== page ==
How to Develop an Effective B2B SaaS Content Strategy

by Joanne Penn

When it comes to marketing in the 21st century, it seems like everybody’s trying to sell you something. From billboards to magazine ads, traditional marketing strategies have overloaded the population to the point of desensitization. It’s just not enough anymore.

But that’s where content marketing comes in.

Content marketing is one of the most effective ways to generate leads, and done well, it can bring you new business at a fraction of the cost of traditional marketing. Content marketing works by creating relevant and valuable content with the intention of triggering a certain desirable action – like subscribing to your services.

It’s essentially a way to pitch your services without a hard sell. You’re informing your audience, they want to know more, and so they keep coming back. They’re rewarded with information, and you’re rewarded with customer loyalty. It’s a win-win.

However, many marketers today are just as confused as ever when it comes to successfully establishing a strategy for content marketing. According to Content Marketing Institute, 55% of business-to-business (B2B) marketers have said that they’re unclear about what an effective content marketing strategy looks like, and only 44% of B2B marketers actually had what they would consider an effective strategy in place.

2016_B2B_Effective-600x628
Source: Kissmetrics

So what exactly is a content strategy, and why is it so important to have one?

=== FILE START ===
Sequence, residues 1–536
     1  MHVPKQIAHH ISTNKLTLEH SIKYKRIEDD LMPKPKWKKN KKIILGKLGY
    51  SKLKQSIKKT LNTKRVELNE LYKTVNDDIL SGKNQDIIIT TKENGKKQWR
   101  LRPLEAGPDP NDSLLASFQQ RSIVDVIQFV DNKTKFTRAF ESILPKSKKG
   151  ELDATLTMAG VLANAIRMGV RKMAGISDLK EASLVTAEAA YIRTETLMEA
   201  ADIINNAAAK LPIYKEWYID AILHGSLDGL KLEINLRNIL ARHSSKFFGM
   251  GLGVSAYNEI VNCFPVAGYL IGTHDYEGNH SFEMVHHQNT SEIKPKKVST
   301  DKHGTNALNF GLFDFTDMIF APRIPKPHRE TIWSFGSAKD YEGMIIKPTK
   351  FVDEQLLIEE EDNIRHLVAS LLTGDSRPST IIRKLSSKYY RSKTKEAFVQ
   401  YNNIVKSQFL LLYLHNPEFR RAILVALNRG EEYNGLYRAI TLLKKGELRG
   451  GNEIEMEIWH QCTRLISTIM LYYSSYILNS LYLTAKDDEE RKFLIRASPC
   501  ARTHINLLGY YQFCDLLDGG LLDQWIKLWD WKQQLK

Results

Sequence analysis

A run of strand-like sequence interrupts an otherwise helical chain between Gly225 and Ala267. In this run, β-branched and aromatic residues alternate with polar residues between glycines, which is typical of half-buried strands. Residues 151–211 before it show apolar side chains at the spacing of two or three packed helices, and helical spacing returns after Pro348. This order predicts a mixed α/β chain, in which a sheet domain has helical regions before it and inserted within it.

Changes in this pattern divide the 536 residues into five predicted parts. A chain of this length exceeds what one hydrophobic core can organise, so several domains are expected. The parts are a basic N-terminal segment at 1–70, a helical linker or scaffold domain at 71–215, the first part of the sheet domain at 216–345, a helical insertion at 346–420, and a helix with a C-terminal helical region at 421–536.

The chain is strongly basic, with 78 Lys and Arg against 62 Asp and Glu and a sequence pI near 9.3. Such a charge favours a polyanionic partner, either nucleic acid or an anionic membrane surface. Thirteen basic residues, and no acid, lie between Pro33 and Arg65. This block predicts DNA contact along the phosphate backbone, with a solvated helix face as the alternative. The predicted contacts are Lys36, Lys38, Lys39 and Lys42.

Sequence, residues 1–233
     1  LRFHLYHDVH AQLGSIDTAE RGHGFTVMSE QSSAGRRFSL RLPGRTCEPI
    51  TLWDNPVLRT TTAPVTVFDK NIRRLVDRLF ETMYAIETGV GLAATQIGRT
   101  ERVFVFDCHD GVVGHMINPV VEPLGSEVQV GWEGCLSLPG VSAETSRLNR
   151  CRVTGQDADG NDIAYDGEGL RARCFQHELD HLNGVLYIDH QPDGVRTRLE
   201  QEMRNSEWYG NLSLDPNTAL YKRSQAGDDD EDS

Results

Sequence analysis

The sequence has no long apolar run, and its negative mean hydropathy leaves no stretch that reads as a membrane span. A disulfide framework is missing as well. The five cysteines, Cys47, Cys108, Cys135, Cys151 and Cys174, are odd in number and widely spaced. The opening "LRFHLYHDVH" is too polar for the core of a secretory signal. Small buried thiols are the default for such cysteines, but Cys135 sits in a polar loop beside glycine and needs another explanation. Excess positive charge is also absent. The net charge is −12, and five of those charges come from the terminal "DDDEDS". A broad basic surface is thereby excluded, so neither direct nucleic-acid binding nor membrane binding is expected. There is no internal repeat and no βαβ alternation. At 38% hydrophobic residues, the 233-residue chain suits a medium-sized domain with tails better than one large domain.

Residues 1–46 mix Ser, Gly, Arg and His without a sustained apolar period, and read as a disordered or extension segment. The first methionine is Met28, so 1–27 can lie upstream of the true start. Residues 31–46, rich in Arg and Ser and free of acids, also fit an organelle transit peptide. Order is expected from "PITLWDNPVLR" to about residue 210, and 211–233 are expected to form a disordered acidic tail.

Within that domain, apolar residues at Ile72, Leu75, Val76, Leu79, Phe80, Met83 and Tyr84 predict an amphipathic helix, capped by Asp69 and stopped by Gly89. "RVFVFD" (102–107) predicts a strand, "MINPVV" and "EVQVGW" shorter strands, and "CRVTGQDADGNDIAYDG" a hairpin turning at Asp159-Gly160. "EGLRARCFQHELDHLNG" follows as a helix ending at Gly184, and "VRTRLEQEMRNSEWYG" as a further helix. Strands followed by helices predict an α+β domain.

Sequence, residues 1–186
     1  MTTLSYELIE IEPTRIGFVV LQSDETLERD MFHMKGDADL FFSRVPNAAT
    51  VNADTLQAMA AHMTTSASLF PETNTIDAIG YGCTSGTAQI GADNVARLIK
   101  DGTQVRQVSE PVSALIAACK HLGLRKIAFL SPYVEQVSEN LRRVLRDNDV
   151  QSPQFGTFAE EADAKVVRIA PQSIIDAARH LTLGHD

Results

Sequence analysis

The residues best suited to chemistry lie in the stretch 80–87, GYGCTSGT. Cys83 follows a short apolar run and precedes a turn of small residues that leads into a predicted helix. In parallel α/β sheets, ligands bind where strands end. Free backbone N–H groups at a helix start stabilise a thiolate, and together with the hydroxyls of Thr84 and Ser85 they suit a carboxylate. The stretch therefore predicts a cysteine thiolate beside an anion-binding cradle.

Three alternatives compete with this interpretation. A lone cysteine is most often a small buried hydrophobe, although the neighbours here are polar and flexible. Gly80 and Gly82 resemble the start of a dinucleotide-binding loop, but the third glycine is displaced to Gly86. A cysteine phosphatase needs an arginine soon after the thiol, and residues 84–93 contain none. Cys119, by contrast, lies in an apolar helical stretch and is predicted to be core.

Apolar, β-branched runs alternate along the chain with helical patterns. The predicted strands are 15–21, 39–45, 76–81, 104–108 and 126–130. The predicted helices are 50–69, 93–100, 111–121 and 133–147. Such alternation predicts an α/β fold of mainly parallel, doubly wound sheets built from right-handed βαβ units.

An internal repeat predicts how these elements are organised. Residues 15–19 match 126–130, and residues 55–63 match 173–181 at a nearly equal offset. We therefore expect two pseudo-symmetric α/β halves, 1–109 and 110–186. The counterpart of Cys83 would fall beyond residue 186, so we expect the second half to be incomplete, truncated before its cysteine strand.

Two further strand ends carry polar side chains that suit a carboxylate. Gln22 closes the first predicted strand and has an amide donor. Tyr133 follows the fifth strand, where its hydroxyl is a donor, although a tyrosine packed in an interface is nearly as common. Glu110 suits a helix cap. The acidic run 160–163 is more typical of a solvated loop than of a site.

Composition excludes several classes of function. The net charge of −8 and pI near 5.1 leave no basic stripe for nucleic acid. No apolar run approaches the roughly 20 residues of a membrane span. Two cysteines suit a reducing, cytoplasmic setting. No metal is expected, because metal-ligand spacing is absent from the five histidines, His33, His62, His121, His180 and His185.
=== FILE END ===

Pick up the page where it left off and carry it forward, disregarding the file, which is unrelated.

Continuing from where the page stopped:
Don’t Miss: Content Calendar Worksheet for Marketers

Why Content Strategy Matters

Content marketing is important because not only do your customers benefit from the information they receive, but having more content on your website – like a blog, white papers, or articles – improves your search engine rankings, which inevitably helps you gain new leads.

However, without a strategy in place to facilitate this content, you risk missing out on both of those benefits. A content strategy, therefore, is a documented plan to develop and manage that content for maximum impact.

Think of a content strategy like an editorial calendar, only more encompassing. It should tell you what audience your content is meant for, what topics should be included, and even what format that content should be presented in.

Having a good content strategy will also keep you from the dreaded “content shock” by helping you produce effective content (but we’ll get to that later).

B2B vs. B2C Content Strategies

One thing to keep in mind when developing a content strategy is that there’s a difference between marketing to a business rather than to a customer.

5696d9e9317b74.01146031
Source: Moz

A B2B marketing funnel is similar to a B2C funnel:

  • Potential customers become aware of something you’re selling – in this case, a service (SaaS B2B) rather than a product (B2C)
  • They take time to consider whether it will solve their problem
  • They compare it against other solutions
  • They convert (or not)

But the main difference between a B2B sale and a B2C sale is retention. A B2B company – especially a SaaS company – relies on their customers coming back for more. SaaS customers aren’t just there to buy a product one time; they’re counting on your business for months or even years at a time.

Marketing a plethora of content to customers over a long period of time can be far more challenging than developing a single piece of content once or twice. In order to be successful, you’ll need an effective strategy that will keep people happy over the long haul.

Elements of an Effective Strategy

But what exactly makes a content strategy effective? It comes down to a few things: knowing your audience, setting specific goals, and choosing the right formats.

Knowing Your Audience

As John Romero says, “Only one strategy can’t miss, and that is to market to your best customers first, your best prospects second, and the rest of the world last.”

When it comes to an effective strategy, the first question you need to ask is, “Who is my best customer?”